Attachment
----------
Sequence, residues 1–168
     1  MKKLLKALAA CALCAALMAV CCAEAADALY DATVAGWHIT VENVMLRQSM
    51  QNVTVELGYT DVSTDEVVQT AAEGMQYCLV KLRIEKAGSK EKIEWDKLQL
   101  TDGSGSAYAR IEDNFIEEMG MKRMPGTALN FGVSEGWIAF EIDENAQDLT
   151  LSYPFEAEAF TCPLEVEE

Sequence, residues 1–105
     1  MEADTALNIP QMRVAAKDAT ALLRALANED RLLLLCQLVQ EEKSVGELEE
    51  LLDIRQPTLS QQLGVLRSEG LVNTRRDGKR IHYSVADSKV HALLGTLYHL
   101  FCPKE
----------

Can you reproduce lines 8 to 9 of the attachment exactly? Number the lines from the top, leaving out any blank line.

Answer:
    51  LLDIRQPTLS QQLGVLRSEG LVNTRRDGKR IHYSVADSKV HALLGTLYHL
   101  FCPKE